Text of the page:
If you’ve ever heard a set by local DJ Pedro Le Bass, you’ve noticed his name is appropriate: There’s a lot of bass involved in his sound.
The fierce but friendly DJ is a transplant from Seattle and has been part of the local music scene for a while now. You can catch him in action Tuesday nights at the Hacienda Cantina and Beach Club.
Pedro Le Bass recently discussed his moniker.
“Pedro is my real first name. Le Bass—well, I like bass music, and house. Anything with bass in it catches my ear, as long as you can dance to it,” he said. “I used to go by DJ Pac Man, but I had to give that up, because I wanted to do something different.”
Pedro said he was inspired to take up DJing after watching a video. “I was at my friend’s house in high school, and he played a Thud Rumble VHS tape. It was DJ Qbert, Mixmaster Mike and D-Styles. … I was like, ‘This is crazy, what these people are doing.’ I saw Skratch Bastid do ‘The Imperial March’ from Star Wars, but he flips this orchestra beat into the ‘Imperial March’ as a scribble jam, and that just blew my mind. After seeing that, I wanted to learn how to DJ.”
He bought some turntables off of a high school friend.
“I used to have these crazy parties at my house, because my sister played on the traveling softball and volleyball team,” he said. “The turntables ended up getting stolen at a house party a year later, out of my own house. The cops showed up, and everyone split, and they handcuffed me and threw me in the back of the car. I wasn’t in my house for a little bit, so I didn’t have turntables for a while, until 2000, when I moved here in the desert.”
Pedro said he always had one goal in mind as a DJ—having fun.
“I didn’t know what I was doing at all,” he said of his DJ beginnings. “A friend of mine was more of a battle DJ, and I actually wanted to learn how to blend. I wish I had recorded something when I first started, because it had to have sounded atrocious. But it was fun, the whole spirit of it. I would have the parties just so people could dance. That was the main thing: I wanted to make people dance and have a good time.”
After improving his skill set after moving to the desert, Pedro found himself with his first regular gig.
“My first residency was in 2001, behind where Bananaz used to be at a place called The Old Prospector,” he said. “I remember I used to open up for Mark Lewis, and he would come out once a week to play there. That was really crazy. I had that Eminem moment in the bathroom, because I was freaking out: I had never played something like that before, that was more official, on a legit sound system and at a real venue on a weekly basis.”
Pedro said he’s learned everything he knows about DJing by being a hands-on learner.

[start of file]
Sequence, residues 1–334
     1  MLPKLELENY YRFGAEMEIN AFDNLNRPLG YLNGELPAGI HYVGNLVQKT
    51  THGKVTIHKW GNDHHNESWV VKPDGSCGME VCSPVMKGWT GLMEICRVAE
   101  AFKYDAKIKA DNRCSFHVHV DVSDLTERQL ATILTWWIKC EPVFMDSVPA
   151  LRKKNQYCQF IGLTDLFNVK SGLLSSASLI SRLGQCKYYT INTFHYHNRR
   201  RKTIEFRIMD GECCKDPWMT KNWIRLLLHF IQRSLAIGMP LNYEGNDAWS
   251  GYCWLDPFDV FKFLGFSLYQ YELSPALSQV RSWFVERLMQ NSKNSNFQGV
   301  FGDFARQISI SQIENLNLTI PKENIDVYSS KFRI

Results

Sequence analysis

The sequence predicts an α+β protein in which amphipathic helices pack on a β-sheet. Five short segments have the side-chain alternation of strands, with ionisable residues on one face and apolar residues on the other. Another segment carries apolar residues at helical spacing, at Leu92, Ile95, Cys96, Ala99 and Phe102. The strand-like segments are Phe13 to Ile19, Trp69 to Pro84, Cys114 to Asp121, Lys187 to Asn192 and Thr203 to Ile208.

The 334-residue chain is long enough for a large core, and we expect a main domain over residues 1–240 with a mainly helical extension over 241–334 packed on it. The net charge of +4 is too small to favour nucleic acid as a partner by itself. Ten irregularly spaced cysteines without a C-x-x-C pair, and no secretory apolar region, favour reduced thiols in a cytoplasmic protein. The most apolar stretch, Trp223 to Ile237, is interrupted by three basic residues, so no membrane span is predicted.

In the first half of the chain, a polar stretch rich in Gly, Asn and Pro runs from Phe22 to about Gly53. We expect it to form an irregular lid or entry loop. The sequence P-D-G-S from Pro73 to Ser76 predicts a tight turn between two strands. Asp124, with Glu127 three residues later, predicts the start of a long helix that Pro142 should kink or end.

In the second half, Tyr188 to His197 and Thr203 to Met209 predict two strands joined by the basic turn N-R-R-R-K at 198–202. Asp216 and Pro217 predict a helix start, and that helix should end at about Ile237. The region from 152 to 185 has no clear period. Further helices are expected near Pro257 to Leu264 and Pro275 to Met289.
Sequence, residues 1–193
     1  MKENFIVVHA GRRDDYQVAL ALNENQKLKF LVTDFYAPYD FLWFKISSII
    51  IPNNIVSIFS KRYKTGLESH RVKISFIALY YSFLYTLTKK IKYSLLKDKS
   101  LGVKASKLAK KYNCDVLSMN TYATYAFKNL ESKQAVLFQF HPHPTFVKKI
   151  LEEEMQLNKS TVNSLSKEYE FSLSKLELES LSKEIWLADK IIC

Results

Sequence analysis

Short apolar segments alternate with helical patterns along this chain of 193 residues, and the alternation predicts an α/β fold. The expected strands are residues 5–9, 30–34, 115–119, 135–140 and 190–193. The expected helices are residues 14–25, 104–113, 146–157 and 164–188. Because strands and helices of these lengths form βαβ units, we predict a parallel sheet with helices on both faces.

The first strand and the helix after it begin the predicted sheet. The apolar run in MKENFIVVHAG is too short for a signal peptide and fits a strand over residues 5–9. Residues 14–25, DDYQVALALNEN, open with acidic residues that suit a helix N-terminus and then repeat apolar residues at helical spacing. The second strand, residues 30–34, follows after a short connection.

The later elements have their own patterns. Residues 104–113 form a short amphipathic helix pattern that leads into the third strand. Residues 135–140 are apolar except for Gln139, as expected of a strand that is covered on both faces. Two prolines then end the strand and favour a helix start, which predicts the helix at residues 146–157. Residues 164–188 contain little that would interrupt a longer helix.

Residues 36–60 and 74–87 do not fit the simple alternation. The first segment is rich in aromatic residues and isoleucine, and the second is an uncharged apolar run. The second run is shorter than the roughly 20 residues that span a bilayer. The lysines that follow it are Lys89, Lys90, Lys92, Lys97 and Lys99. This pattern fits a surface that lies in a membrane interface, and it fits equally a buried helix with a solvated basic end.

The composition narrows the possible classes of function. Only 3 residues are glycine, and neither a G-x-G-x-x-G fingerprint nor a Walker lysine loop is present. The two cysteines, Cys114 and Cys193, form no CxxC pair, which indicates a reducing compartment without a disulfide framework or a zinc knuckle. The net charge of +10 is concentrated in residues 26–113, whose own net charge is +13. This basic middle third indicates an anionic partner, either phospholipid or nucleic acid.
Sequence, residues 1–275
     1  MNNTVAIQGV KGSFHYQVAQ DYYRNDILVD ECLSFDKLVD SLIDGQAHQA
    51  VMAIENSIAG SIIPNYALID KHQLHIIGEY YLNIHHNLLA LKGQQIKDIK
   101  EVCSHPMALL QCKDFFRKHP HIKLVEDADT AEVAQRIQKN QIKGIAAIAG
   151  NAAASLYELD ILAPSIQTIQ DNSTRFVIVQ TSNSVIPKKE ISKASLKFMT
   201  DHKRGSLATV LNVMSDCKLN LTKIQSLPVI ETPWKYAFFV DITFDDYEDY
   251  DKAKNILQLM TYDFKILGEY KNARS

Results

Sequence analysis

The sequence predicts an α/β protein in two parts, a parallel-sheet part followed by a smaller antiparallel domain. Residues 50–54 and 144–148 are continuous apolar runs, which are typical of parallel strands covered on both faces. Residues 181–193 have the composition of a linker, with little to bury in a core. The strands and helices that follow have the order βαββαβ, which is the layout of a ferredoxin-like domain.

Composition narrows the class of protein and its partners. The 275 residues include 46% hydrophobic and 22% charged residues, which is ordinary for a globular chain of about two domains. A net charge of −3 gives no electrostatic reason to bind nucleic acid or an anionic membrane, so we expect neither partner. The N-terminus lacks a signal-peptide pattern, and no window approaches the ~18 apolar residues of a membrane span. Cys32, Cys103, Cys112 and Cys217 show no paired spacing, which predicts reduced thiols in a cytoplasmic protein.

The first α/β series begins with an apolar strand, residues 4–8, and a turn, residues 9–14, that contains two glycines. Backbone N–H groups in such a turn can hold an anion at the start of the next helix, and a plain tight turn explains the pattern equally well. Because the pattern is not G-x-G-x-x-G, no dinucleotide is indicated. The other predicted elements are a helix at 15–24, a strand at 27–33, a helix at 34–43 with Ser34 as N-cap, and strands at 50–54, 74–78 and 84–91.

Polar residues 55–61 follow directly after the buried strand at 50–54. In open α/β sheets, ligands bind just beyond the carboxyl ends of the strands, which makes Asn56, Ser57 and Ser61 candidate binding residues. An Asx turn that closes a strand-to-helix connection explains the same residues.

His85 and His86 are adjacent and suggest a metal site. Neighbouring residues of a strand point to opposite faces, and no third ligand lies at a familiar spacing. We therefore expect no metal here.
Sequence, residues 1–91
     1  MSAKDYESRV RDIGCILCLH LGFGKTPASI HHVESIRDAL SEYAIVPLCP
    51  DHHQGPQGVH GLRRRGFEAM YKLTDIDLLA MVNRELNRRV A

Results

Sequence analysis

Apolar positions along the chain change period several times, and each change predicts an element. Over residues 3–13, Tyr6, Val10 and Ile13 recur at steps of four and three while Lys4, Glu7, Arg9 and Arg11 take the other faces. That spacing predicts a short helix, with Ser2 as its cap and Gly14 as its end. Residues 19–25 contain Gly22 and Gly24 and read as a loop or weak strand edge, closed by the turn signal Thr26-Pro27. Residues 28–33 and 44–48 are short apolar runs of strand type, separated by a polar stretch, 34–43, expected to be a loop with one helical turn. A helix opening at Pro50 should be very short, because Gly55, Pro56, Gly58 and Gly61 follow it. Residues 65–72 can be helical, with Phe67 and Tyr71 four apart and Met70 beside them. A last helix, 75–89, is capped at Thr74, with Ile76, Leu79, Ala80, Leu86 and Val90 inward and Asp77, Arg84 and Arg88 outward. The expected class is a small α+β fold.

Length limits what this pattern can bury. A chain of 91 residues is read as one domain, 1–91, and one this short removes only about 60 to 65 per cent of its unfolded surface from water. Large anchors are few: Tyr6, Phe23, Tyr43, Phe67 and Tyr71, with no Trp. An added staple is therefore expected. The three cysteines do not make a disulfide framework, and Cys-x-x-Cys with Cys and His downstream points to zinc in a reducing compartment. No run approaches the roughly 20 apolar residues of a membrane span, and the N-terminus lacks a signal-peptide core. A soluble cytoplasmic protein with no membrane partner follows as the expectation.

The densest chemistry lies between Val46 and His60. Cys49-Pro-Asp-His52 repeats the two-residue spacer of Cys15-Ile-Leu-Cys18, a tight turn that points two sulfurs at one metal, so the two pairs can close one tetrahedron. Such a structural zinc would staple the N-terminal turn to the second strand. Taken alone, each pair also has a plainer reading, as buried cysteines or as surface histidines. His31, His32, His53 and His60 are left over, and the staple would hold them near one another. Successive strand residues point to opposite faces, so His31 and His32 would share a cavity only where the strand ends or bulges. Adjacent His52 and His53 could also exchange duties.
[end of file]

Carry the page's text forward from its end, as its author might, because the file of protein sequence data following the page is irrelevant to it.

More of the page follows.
“I’ve learned mostly through being in the trenches with my friends and DJing at parties, bars and clubs,” he said. “That’s where the real schooling comes in. No amount of practice will ever prepare you for that feeling of when there’s people in front of you. That’s when things appear, and people can start choking.”
One skill every DJ needs to know is “beatmatching”—in other words, matching the tempo from song to song. He said he gets what he calls an “ear boner” when it’s done right.
“Remember when you were a little kid, and you got what you wanted for Christmas? It’s like that every two to three minutes when you throw another song on,” he said. “It’s great because you’re creating something out of two pieces of music. It’s not yours, but you’re manipulating it and making people dance, or whatever they’re into.”
Pedro said that no track is off limits as far as he’s concerned. He offered up Kenny Rogers’ “The Gambler” as an example of an off-the-wall track he’s played.
“If it makes you want to dance, I’ll play it,” he said. “I enjoy house music, because you can pull from the ’80s all the way to country music, funk, soul and hip-hop. It’s such a wide thing, and that’s what I love about open format. There’s nothing off limits. It might be off limits because you’re scared to try it—but people might dig it and freak out.”
Pedro hopes more venues for DJs open in the Coachella Valley—and that locals become more supportive.
“What I would like to see is larger venues popping up and hiring local talent,” he said. “There is local talent here. I’d like to see more local support, and this being a touristy town, if we can get some of the locals in these places to get heard, it’s going to put the Coachella Valley on the map. There are people here with crazy talent, but there’s just no real venue for them to express themselves or showcase that talent for people.”
For more information, visit www.pedrolebass.com.